2. Focus on what you can control. You’ve probably heard this one before, but take it to heart. While it may not feel like you have any control, you can positively impact your attitude, behavior, and performance in your current role. Even when performance may have nothing to do to with a job loss, delivering above-average work helps to secure your next job. When I found myself in a job loss situation, my boss and his boss had been very happy with my work. I consistently delivered results, instead of sitting back waiting to see what was going to happen when rumors of downsizing surfaced. Both provided glowing recommendations and tapped into their networks to help me get that next role at another company. I doubt they would have gone the extra mile to help me if they were not happy with my contributions. ‘Focus on what you can control’ is a great mantra to share with others who show signs of freaking out during difficult times, especially if they are your direct reports.
3. Grow and nurture your network. Building contacts outside of my current company has been one of the most important investments I have made over the years. When times are great, your network is a valuable sounding board for problem solving, idea exchange, and finding a great solution provider for a specific need. When times aren’t so great, such as when facing a job loss, your network can surface opportunities you might not have ever known about. Ongoing communication is key – if you only tap in to your contacts when times are bad, it can appear one-sided. Make it a ‘win-win’ for everyone and give as well as take from the relationships.
4. Build a portfolio. Rolled out a major initiative that demonstrated a positive impact on the business? Overhauled a process to streamline efficiencies? Created an effective certification form for a new product launch? Don’t wait to build your portfolio of work! As time goes by, we tend to forget about our successes as we rush on to the next fire drill. By taking this next step beyond your résumé, you have further documentation and examples of your work to show to new leadership or a prospective employer. Keep a copy of those valuable contributions you built that you are proud of!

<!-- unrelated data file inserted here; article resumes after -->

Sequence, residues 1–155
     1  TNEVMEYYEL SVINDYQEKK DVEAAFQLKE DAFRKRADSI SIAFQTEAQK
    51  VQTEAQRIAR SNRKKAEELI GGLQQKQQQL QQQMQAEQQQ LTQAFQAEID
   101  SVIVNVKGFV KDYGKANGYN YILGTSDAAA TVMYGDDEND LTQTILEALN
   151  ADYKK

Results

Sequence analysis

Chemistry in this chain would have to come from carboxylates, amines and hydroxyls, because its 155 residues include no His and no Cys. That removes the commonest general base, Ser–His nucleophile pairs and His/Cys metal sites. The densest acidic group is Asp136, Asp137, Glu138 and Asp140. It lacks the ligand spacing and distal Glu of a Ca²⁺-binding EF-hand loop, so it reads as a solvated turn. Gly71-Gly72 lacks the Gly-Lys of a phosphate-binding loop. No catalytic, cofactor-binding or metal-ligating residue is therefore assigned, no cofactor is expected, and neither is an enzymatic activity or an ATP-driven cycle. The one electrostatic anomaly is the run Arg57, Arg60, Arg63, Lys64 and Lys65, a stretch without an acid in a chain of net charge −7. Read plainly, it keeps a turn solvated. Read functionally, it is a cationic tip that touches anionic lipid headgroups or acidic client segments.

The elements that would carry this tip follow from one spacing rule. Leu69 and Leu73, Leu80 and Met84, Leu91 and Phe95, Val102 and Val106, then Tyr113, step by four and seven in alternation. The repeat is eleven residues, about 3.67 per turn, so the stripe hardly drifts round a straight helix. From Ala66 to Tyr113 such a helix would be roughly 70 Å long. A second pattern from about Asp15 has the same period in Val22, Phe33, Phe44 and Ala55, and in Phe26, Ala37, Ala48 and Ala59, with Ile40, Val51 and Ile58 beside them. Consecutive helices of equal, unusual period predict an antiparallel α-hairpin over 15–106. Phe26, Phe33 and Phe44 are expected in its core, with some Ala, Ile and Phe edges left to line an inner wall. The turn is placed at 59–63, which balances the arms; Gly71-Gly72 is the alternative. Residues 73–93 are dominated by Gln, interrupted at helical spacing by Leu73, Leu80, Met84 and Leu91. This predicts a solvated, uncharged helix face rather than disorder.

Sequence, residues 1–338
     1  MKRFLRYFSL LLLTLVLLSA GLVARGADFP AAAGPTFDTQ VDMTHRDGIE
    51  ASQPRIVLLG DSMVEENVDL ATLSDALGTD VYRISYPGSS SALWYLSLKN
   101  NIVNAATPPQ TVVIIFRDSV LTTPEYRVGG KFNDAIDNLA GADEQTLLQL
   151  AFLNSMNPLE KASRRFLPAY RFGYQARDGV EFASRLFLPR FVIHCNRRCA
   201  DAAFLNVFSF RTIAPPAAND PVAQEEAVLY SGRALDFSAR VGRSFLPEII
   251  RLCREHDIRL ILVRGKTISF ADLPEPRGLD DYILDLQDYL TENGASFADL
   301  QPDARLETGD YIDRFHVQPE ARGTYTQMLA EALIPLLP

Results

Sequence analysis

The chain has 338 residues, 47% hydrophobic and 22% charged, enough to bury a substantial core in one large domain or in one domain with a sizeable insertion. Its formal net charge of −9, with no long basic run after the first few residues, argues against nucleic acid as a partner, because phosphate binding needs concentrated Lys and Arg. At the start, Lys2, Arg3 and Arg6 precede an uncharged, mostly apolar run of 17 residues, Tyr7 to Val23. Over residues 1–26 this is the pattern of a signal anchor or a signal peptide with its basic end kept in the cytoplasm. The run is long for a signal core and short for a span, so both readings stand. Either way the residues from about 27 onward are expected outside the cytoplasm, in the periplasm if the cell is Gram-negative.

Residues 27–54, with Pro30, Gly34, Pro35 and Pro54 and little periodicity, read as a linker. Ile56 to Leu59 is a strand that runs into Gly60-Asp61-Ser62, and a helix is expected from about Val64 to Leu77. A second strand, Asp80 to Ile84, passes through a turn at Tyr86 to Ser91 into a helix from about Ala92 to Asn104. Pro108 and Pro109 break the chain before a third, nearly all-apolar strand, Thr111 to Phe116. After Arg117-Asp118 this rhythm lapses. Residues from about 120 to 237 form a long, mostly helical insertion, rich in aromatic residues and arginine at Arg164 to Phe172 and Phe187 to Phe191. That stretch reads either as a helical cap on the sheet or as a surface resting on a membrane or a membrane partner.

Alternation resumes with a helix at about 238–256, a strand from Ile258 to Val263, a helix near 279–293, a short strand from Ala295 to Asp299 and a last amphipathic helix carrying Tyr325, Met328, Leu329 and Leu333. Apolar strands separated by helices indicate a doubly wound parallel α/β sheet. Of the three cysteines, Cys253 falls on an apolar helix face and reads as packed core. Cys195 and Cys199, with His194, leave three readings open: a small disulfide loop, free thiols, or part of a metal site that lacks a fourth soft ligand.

5. Continue to learn. Just as your network needs nurturing, so does your competency. Attend conferences, take on stretch assignments, acquire a certification or MBA, and keep up on industry happenings. Why? It doesn’t matter if you have 20 years experience if you’re using yesterday’s techniques. Today’s fast paced environment demands out of the box thinking, and making the investment in yourself gives your brain the ability to identify the right solution for the right need. It also keeps you more marketable compared to other candidates should you need to compete for a new position.
While uncertain times can be unsettling, it doesn’t mean you have to put your career and life on hold. Adopting a positive, yet realistic attitude while staying busy with a focus on investing in yourself is empowering. I am most thankful for making the conscious decision to not put my life on hold for fear of what might have happened. Job loss did happen to me, and not only did I survive, I learned to thrive. Had I let the fear of the unknown take over my world, I probably would have put off starting a family. And when I look not only at my job, but at my amazing kids, it certainly puts everything in perspective.
Impactiviti is the Pharmaceutical Connection Agency. As the eHarmony of sales/training/marketing, we help our pharma/biotech clients find optimal outsource vendors for training, eMarketing, social media, and more.